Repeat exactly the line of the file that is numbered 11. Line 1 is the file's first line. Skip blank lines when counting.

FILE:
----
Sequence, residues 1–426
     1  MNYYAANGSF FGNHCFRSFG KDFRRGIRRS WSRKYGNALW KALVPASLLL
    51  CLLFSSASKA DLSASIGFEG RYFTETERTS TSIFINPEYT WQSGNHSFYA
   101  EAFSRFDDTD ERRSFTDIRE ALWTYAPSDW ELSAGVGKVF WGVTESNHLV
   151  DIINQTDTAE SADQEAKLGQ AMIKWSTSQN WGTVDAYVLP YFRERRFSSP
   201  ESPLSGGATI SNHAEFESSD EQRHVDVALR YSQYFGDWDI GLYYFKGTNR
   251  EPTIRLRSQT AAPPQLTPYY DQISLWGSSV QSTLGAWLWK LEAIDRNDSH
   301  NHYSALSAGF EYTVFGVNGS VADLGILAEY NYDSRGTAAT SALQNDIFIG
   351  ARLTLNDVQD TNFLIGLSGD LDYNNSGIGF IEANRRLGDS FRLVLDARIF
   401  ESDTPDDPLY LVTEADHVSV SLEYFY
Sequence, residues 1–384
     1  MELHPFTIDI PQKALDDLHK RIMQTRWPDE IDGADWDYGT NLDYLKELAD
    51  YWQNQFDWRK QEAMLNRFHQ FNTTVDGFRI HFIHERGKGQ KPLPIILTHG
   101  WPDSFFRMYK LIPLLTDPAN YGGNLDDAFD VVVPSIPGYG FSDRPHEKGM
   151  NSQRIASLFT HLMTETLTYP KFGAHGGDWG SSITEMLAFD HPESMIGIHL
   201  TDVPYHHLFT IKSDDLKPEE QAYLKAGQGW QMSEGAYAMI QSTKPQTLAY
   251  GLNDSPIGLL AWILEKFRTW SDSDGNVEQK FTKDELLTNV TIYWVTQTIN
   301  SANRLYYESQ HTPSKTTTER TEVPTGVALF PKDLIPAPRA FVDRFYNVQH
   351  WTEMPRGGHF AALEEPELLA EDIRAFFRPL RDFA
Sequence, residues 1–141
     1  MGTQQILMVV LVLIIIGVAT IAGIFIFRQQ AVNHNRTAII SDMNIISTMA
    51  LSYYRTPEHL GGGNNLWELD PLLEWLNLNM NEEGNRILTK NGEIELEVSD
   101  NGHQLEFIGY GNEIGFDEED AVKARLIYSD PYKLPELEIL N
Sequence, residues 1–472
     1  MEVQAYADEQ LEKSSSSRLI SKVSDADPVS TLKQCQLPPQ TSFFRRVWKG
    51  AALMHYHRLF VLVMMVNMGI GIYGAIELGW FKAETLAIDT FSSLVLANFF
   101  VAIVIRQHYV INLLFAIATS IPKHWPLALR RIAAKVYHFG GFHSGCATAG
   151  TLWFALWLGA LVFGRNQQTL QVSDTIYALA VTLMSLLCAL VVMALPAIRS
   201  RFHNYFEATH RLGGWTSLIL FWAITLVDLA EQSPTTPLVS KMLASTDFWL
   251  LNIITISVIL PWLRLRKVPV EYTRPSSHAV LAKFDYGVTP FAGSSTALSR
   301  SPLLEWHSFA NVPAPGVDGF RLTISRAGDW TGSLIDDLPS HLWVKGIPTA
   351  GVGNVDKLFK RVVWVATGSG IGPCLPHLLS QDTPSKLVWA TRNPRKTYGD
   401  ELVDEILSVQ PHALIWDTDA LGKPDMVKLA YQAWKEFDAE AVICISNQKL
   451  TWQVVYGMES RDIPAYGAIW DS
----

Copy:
Sequence, residues 1–384